Review: Hedda Gabler (Alumnae Theatre Company)

By Adam Collier

Alumnae Theatre Company produced Hedda Gabler at its space – a converted firehouse – from November 12th through the 27th 2010.

Going to the show, I had mixed expectations.

Hedda Gabler is generally considered to be a classic. “Either you do Shakespeare or Ibsen,” a friend told me, referring to rites of passage for actors.

But, setting aside the psychological depth of its title character, the language of Hedda Gabler – originally in Norwegian and perennially translated into English – contains few metaphors and idiosyncrasies. As a result, it can sound mechanical in its syntax.

In the opening moments of this play, Hedda Gabler (Sochi Fried) walks into a big room, its furniture draped in dust covers. Then, in erratic bursts, going backwards and forwards, does a sort of dance.

The soundtrack for this opening vignette, an upbeat synthetic string composition, reminded me of something from an early Nintendo game.

Like that burst of choreography and its accompanying soundtrack, the first scene with dialogue struck me as sort of mocking the material, because it seemed so unnatural, to the point of corniness.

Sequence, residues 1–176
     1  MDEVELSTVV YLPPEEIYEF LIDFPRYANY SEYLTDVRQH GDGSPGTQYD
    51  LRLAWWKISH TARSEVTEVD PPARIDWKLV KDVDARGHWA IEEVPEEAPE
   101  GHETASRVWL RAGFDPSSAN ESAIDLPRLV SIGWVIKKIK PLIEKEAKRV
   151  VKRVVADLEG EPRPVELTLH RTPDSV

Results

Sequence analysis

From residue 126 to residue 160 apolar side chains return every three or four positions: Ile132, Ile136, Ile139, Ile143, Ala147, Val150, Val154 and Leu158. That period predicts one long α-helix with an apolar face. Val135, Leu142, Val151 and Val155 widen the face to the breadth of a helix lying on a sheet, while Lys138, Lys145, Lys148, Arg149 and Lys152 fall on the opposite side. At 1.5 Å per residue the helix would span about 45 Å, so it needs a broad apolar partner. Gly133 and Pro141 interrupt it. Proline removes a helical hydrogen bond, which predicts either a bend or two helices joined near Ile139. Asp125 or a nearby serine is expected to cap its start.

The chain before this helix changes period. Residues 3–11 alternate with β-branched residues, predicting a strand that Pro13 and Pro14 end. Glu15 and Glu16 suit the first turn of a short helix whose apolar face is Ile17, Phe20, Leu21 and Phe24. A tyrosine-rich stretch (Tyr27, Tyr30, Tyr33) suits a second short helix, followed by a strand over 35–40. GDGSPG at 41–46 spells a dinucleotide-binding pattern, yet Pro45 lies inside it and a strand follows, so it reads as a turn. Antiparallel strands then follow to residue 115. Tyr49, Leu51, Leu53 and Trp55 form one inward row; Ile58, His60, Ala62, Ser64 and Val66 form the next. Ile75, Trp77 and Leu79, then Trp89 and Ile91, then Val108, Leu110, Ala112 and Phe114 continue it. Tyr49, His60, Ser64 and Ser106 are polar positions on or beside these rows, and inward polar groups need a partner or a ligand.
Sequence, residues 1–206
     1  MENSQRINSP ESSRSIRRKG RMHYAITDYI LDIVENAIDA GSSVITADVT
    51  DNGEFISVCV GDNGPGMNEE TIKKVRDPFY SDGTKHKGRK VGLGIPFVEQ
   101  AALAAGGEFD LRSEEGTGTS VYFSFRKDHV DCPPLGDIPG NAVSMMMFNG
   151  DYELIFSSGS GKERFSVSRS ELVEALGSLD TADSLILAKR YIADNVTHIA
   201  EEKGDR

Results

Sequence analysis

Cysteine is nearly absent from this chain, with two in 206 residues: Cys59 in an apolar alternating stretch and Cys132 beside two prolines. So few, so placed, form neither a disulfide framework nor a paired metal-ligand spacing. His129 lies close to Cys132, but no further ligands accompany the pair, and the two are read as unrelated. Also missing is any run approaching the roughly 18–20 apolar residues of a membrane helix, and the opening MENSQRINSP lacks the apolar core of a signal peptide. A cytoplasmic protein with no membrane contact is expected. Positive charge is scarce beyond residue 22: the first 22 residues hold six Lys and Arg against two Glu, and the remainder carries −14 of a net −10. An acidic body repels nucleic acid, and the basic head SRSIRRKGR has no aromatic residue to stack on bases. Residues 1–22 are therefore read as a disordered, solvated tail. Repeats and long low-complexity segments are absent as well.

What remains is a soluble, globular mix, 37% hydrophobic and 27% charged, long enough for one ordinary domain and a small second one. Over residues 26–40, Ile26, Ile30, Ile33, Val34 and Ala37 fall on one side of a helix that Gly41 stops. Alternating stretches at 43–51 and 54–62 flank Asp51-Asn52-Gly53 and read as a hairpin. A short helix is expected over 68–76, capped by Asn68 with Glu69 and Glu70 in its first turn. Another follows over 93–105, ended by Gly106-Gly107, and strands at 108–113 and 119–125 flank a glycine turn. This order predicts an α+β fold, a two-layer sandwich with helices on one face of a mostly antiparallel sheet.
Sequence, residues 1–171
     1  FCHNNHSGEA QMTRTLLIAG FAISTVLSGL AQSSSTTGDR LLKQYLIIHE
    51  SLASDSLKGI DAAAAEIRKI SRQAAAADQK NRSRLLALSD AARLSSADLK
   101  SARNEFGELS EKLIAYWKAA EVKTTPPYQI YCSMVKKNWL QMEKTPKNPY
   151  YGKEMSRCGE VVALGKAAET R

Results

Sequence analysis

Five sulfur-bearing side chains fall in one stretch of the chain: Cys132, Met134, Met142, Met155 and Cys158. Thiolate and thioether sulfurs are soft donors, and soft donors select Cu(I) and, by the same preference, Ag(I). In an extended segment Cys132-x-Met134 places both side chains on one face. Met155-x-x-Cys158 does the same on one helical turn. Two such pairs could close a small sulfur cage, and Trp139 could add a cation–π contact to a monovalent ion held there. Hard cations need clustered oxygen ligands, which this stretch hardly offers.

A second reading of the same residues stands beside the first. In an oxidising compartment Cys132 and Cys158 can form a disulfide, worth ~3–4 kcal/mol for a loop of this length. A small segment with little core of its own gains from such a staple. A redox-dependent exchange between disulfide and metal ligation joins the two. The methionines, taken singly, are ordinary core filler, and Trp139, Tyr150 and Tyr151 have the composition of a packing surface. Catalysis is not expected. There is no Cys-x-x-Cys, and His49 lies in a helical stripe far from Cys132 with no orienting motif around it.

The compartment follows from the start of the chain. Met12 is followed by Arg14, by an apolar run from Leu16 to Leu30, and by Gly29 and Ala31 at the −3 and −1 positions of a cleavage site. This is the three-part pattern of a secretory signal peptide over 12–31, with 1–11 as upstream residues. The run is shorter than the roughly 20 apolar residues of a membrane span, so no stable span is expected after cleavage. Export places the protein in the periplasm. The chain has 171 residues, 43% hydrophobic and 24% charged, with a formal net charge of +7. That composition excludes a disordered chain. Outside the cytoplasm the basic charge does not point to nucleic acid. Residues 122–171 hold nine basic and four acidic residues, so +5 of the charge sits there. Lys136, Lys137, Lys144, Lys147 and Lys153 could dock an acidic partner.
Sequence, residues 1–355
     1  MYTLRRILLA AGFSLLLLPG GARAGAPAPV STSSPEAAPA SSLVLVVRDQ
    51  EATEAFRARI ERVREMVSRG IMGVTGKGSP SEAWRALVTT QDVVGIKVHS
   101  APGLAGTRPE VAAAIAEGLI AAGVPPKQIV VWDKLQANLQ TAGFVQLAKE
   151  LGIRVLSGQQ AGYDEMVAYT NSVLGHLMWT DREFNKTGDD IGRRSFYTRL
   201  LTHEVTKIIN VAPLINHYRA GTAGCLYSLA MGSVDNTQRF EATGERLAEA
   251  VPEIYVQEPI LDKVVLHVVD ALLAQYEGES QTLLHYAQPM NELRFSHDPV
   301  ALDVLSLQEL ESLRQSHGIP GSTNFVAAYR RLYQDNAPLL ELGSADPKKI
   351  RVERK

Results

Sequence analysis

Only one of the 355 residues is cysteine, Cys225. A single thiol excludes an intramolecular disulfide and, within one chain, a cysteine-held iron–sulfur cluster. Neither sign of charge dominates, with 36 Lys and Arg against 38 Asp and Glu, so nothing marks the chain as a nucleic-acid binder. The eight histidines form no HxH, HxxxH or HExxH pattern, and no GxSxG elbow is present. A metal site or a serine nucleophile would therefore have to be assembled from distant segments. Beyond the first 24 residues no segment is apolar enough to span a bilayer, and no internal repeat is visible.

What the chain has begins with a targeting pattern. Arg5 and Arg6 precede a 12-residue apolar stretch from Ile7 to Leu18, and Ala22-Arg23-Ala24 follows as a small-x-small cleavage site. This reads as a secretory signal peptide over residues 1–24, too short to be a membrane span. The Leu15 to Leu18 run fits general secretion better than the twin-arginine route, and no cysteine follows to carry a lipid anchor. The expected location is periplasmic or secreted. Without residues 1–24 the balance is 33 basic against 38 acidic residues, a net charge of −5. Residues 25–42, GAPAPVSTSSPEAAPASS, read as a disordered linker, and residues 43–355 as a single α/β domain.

Generally, the impression I got was that each actor was working with a single emotion – like chirpy, or nervous, or obsequious, or bratty – for his or her character. I have no inherent objection to emotional caricature. Here though, because the text (translated and adapted by Judith Thompson) is pretty well worn, what I found myself needing – desperately – was emotional range.

Instead I got the sense that each member of the cast was working very hard inside of a limited range. For example James Harbeck (playing George Tesman) seemed intent on making his nerdy, eternally optimistic George into a figure of comic relief. But, because that’s not – in my opinion – always called for, the acting drew attention to itself.

While I get – or at least, I think I get – the logic of the choice to play up that emotion (how else would George endure Hedda?), I found it distracting.

That said, most of the quirks I mention seemed like earnest attempts to infuse energy into the work and make it emotionally accessible. The cast and crew clearly put a lot of energy into the production. Unfortunately, I just couldn’t place myself in the up-tempo, slightly corny production, and had trouble holding my head up through the second act.

All the same, it won’t deter me from the Alumnae Theatre Company generally.